The purpose of this study was to evaluate technical success, technique effectiveness, and survival following radiofrequency ablation for breast cancer liver metastases and to determine prognostic factors. Forty-three patients with 111 breast cancer liver metastases underwent CT-guided percutaneous radiofrequency (RF) ablation. Technical success and technique effectiveness was evaluated by performing serial CT scans. We assessed the prognostic value of hormone receptor status, overexpression of human epidermal growth factor receptor 2 (HER2), and presence of extrahepatic tumor spread. Survival rates were calculated using the Kaplan-Meier method. Technical success was achieved in 107 metastases (96%). Primary technique effectiveness was 96%. During follow-up local tumor progression was observed in 15 metastases, representing a secondary technique effectiveness of 86.5%. The overall time to progression to the liver was 10.5 months. The estimated overall median survival was 58.6 months. There was no significant difference in terms of survival probability with respect to hormone receptor status, HER2 overexpression, and presence of isolated bone metastases. Survival was significantly lower among patients with extrahepatic disease, with the exception of skeletal metastases. We conclude that CT-guided RF ablation of liver metastases from breast cancer can be performed with a high degree of technical success and technique effectiveness, providing promising survival rates in patients with no visceral extrahepatic disease. Solitary bone metastases did not negatively affect survival probability after RF ablation.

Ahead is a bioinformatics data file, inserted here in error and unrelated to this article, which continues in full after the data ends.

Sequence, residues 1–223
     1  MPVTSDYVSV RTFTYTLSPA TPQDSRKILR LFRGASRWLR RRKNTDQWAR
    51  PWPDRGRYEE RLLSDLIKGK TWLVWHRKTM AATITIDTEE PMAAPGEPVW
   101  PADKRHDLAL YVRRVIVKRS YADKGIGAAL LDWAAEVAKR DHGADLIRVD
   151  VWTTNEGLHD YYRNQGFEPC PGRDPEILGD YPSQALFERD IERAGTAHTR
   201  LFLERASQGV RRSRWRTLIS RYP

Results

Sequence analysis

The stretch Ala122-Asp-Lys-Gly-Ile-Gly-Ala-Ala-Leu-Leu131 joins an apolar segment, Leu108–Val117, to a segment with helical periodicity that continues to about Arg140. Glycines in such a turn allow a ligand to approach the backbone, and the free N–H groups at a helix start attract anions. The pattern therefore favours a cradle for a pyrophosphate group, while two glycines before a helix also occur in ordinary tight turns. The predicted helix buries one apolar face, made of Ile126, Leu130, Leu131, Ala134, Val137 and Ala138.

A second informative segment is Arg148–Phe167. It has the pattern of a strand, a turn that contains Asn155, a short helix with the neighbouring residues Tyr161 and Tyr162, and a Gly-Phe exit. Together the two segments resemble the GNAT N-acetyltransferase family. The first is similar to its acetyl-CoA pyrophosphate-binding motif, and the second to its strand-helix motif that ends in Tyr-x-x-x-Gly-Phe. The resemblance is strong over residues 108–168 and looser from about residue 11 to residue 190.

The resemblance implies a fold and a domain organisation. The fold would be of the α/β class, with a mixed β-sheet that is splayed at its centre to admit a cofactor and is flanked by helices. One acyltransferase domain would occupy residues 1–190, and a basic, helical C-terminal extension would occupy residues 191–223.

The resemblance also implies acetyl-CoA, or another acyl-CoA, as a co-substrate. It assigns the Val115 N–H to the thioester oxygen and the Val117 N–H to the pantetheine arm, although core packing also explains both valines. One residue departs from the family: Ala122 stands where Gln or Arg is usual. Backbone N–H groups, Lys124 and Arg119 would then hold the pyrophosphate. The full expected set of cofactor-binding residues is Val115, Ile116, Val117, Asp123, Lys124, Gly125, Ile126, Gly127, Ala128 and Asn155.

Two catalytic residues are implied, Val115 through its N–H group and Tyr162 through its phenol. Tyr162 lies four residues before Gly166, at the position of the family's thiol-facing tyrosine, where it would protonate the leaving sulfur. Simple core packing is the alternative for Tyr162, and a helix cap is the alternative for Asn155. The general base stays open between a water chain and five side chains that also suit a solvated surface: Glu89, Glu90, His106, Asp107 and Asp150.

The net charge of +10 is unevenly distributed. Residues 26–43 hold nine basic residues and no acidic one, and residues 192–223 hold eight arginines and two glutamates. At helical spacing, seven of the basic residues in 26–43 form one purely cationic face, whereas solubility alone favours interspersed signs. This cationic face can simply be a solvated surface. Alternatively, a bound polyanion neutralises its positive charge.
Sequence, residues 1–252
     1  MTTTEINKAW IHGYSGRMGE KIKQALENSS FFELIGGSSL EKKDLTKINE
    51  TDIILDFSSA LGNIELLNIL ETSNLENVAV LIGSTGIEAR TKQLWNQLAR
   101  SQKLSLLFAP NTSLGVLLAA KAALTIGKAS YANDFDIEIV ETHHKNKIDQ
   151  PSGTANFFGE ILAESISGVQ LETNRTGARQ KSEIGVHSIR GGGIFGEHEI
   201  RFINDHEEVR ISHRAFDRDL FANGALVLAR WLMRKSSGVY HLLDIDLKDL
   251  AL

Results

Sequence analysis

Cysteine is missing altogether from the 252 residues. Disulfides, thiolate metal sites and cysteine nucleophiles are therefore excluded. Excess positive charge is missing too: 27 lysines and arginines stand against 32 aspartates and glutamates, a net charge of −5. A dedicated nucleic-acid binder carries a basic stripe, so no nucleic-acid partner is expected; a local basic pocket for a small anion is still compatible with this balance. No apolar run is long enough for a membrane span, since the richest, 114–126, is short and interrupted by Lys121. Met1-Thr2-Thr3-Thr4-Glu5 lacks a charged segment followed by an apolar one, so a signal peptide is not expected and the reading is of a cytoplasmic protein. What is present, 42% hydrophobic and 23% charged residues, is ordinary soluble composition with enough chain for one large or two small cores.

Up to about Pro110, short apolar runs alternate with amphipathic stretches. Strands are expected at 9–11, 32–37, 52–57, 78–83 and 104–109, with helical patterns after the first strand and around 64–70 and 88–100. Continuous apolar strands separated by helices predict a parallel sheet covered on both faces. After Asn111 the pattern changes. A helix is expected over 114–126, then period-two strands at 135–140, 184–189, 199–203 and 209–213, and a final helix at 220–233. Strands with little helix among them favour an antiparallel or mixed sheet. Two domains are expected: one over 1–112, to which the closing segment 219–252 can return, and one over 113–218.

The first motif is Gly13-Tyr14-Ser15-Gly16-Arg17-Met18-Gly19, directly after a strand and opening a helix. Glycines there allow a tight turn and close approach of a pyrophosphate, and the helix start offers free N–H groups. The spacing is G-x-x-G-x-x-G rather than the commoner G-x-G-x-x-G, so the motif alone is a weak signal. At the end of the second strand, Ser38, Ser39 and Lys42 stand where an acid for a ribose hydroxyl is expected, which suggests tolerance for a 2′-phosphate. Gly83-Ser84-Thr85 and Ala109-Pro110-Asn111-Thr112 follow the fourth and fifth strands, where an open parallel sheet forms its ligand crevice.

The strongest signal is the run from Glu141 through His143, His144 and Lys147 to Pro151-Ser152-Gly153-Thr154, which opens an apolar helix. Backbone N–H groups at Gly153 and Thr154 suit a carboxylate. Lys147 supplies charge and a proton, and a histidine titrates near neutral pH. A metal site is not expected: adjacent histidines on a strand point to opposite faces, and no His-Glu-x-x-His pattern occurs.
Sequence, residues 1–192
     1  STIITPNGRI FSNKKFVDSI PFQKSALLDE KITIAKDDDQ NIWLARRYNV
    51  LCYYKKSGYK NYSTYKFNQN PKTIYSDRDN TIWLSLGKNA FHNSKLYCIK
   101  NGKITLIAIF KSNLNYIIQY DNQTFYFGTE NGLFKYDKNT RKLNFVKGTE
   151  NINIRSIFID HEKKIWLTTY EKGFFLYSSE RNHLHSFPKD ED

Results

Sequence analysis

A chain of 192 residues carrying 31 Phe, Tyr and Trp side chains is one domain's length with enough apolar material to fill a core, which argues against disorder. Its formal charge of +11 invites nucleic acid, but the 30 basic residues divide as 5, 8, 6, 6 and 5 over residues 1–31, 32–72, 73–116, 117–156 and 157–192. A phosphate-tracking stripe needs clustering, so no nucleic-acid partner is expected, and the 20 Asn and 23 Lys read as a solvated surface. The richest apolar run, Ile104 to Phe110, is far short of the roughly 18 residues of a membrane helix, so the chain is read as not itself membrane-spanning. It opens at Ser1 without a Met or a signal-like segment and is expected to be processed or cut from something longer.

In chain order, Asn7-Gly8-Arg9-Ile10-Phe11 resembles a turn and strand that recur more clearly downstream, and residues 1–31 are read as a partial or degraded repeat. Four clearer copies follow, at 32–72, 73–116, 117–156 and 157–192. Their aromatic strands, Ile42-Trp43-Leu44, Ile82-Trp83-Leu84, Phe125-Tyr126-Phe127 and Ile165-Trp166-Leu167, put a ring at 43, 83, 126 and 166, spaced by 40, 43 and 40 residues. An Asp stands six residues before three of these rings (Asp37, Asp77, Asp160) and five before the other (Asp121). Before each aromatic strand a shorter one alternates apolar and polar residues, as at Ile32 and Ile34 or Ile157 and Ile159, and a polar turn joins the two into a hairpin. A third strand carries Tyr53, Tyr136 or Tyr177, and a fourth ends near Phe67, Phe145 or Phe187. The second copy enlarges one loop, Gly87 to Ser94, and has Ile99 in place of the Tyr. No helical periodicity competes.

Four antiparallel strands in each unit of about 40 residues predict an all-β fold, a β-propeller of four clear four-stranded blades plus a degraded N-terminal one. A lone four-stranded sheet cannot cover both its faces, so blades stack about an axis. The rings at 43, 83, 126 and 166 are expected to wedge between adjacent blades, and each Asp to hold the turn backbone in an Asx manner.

16. CT-Guided Radiofrequency Ablation in Patients with Hepatic Metastases from Breast Cancer